Alabama Construction News

OCT-DEC 2017

Alabama Construction News is the states only bimonthly magazine dedicated to the commercial construction industry.

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Page 52 of 67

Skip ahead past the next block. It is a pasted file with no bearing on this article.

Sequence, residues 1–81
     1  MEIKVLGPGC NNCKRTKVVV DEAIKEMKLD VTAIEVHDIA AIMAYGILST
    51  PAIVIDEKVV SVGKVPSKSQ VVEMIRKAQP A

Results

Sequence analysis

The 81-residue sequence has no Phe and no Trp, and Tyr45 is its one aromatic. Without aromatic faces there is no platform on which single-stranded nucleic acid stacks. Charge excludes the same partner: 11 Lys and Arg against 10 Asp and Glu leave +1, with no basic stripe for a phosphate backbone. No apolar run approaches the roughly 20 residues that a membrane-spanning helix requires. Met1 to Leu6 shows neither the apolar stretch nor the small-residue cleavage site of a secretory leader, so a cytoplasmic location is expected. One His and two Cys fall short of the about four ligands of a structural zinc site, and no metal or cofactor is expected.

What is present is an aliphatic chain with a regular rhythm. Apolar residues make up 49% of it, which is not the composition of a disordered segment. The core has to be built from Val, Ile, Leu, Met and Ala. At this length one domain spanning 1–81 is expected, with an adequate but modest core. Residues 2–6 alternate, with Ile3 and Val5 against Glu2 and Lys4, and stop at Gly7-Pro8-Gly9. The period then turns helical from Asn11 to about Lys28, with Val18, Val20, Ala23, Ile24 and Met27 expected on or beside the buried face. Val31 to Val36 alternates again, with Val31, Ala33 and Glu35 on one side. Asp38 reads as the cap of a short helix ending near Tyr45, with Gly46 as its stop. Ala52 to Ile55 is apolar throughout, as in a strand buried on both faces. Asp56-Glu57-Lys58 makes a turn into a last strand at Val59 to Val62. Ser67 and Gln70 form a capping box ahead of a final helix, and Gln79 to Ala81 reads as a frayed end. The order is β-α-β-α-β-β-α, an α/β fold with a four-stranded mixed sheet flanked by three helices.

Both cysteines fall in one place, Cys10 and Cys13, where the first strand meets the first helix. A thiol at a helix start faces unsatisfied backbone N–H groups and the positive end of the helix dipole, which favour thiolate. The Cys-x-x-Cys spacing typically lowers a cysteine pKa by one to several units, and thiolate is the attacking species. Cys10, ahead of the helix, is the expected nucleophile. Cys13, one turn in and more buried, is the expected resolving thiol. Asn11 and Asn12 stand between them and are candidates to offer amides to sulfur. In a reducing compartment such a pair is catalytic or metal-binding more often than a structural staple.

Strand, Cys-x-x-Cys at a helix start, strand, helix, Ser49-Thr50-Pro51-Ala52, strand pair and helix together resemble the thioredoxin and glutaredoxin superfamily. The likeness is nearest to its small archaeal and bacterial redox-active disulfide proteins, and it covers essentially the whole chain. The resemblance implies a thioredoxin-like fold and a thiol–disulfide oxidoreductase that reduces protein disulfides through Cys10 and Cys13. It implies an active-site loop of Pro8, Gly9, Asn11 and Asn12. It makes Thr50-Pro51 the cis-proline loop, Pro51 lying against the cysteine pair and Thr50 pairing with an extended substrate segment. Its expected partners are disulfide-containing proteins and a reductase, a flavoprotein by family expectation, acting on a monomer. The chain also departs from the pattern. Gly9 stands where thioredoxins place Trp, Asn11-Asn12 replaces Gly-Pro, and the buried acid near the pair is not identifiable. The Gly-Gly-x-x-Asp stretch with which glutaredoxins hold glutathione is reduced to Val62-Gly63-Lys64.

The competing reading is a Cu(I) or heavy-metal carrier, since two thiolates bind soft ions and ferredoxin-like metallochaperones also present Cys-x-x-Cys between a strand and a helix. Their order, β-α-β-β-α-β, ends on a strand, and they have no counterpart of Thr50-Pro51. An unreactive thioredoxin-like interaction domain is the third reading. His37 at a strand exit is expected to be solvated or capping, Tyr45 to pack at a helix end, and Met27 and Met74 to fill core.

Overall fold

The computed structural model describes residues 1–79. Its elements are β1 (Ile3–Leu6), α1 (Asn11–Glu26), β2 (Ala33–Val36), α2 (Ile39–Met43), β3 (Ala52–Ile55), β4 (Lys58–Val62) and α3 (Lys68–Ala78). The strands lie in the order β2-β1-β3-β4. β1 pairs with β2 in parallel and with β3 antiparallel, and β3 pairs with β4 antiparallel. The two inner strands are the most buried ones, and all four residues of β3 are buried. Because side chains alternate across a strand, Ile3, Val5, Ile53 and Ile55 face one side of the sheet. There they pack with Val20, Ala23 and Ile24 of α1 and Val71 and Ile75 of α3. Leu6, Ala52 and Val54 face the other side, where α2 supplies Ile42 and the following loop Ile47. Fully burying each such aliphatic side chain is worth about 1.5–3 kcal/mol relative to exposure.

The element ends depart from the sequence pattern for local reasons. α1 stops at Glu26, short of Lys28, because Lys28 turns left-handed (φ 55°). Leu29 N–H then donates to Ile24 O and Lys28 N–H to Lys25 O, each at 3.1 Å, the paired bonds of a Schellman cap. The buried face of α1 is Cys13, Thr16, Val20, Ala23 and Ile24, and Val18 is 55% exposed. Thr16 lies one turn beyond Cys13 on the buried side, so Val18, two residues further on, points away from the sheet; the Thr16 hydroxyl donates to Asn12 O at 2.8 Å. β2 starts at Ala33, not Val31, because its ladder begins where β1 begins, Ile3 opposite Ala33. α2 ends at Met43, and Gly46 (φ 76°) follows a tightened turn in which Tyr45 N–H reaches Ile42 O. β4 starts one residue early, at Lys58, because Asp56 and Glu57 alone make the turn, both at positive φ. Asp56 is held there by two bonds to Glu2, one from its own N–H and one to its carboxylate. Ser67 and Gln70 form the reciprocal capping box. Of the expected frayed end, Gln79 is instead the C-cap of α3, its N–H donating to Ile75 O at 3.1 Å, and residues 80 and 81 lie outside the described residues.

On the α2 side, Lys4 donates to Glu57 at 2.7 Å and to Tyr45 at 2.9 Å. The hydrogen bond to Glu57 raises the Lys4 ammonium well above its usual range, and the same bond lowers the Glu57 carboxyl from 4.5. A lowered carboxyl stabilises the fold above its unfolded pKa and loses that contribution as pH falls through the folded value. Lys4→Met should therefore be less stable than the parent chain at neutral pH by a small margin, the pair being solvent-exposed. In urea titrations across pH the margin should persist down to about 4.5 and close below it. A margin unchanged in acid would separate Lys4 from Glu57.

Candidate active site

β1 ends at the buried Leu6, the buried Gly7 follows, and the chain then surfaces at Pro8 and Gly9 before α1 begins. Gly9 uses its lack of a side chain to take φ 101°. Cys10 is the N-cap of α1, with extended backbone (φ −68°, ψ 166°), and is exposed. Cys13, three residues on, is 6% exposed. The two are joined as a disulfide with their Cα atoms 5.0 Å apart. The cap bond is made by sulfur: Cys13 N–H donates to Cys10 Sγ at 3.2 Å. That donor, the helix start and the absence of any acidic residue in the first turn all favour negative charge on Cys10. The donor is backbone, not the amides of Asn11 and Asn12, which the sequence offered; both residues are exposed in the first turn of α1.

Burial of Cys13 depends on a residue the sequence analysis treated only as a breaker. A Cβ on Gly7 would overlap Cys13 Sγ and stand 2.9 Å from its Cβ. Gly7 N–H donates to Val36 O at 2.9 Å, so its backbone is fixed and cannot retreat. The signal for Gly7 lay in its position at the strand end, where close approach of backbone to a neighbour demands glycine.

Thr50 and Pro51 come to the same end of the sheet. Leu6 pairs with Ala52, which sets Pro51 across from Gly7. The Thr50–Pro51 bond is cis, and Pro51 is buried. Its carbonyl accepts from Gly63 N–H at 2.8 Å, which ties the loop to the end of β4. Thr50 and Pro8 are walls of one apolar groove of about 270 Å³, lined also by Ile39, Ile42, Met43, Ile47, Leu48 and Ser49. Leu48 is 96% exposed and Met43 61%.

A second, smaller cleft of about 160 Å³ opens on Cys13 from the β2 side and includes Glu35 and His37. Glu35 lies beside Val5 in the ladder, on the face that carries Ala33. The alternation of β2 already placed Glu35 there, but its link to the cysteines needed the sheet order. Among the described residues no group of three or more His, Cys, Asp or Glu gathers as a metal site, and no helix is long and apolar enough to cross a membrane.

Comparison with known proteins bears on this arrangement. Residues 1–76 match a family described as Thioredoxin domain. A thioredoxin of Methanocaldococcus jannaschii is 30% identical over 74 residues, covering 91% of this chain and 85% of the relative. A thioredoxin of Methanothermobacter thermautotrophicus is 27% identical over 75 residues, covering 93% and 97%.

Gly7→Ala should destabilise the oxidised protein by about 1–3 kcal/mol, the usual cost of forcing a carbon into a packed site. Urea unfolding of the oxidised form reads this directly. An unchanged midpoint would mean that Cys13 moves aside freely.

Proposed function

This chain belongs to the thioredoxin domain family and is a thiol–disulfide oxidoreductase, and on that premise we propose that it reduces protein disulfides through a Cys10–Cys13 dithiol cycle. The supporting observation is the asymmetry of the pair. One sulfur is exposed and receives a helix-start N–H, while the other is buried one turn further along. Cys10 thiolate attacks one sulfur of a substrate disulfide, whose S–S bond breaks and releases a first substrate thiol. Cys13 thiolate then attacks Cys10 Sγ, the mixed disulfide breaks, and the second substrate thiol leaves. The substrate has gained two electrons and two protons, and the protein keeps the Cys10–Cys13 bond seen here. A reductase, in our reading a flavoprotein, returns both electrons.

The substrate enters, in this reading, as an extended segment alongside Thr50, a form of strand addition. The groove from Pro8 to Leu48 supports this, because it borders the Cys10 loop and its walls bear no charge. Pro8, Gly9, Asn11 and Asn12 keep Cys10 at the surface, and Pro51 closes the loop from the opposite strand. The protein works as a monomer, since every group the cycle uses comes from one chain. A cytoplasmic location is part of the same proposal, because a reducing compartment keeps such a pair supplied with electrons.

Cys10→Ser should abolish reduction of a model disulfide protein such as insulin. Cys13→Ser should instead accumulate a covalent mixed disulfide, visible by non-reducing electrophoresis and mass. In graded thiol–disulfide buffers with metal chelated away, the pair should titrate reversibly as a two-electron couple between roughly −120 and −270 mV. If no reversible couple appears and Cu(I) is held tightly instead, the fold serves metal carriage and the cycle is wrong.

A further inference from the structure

51 OCT-DEC 2017 AL CONSTRUCTION NEWS THE NUMBER ONE REASON YOU WILL LOSE YOUR NEXT CONSTRUCTION DISPUTE IS THIS: YOU DIDN'T DOCUMENT THE PROJECT. YOU CAN'T PROVE WHAT HAPPENED. over something not specifically addressed in the written contract. It becomes the de facto record of events. Properly organizing and maintaining the documents specifically called for by the contract is another critical item. Keep records of all change orders, including requests and approvals. Be sure to follow up with the owner, architect or general contractor (as the case may be) if there is a delayed response over change order requests. The easiest defense to a claim for payment based on a change order is that the request was never submitted or never approved. Project plans, shop drawings, requests for information and other submissions also should be kept in separate files and organized chronologically, and by category if possible. Email. Undoubtedly, there will be countless emails over the course of the project. Create separate files for communications concerning the different parts of the project. This allows for easy retrieval when a dispute or need arises. Err on the side of over-storage and over-organization. It is much easier to tell the story of the compulsively organized project manager than it is to explain away missing emails, change orders, and contract notices. If you suspect a dispute early in the project, save "hot" documents in a separate folder for easy access and a detailed record. Finances are the most important part of documentation. The goal of the project is to complete the work on time (and under budget if possible) to get paid. Proper record keeping for pay applications submitted and payments made is essential to proving the case in a dispute. But more often than not, additional support for the pay application is required. Keep records of actual versus estimated costs for various parts of the project. Keep employee payroll records. These help prove how much labor was required for the job and when. Record dates of last work and materials for any subcontractors, vendors or materialmen on the job. This information is essential when evaluating lien claims and threats. Much of the above documentation serves primarily to help manage the project. Contractors can also create their claim or defense by supplementing these practices with critical correspondence. A contractor should know the contract provisions backwards and forwards. Know when contract obligations are triggered and deadlines expire. Create and send correspondence to other parties consistent with these obligations and deadlines – including delays, changed conditions and interference. Send objectively phrased letters or emails detailing non- compliance by other parties. Send objectively phrased letters or emails recording your compliance with the contract's obligations and deadlines. If formal notice is required by law or contract, calendar that notice ahead of time and submit it in advance. Almost all of the above has been in the context of "offensive documentation." "Defensive documentation" also is critical. There are two sides of "defensive documentation." The first is responsive documentation. Where another party sends correspondence misrepresenting, twisting, or omitting facts and circumstances, a timely, thorough, accurate, and record-supported response is essential. If a dispute arises over an issue months later and the only record of the issue is the opposing party's convoluted misrepresentation, that correspondence becomes the best evidence. It is best practice to respond to another party's correspondence quickly and accurately to protect both sides of the story and preserve arguments and claims that might not be asserted until later in the project. The flip side of "defensive documentation" is knowing what NOT to document. Be careful about what is put in writing. Do not write or send anything you would not want a judge or jury to read. Do not respond in kind to terse, angry or rude communications from other parties. Do not create a record of your negotiating strategy or subjective criticisms of others on the project. Do not air dirty laundry; refrain from unflattering admissions and internal matters best kept in house. In a lawsuit, all internal emails about a project must be provided to the opposing party. Every contractor should assume every email and item of correspondence will be read by someone with authority to decide a dispute. Cast yourself in the best light possible to preserve credibility. Finally, position yourself well before the project starts. If you are in a position to propose the contract, get organized about your requirements and goals. Get a lawyer to prepare a solid, enforceable contract that balances risk and protects your business and your role in the project. Prepare template change order forms, lien waivers and other necessary documents that incorporate the terms of the contract. Build a contractual relationship and structure that affords you the best possible chance of success. If you are not in a position to propose the contractual relationship, take time to properly review the proposed terms and provisions received from your counterparty. Ensure there are no unreasonable or even, impossible, obligations. Thoroughly review the project drawings and specifications. Know what is and is not called for (and what could potentially be called for) before starting the work. Negotiate for a more favorable contract where feasible. In both cases, consult a lawyer before signing the contract. A lawyer can quickly decipher confusing legalese and provide context before the job starts. Then, calendar your deadlines and obligations before starting the work and document your progress along the way. Remember, it's not what you know. It's only what you can prove. Joe Leavens is an attorney in Balch & Bingham LLP's Construction Litigation Practice. He has years of experience representing all levels of parties in construction projects including drafting and negotiating contracts for small residential landscape contractors and homebuilders, filing and removing mechanic's liens all over the state of Alabama, litigation over construction defect and delay claims asserted against hotel and university housing general contractors, and representing a major electric utility as the owner in arguably the largest ongoing construction project in the country.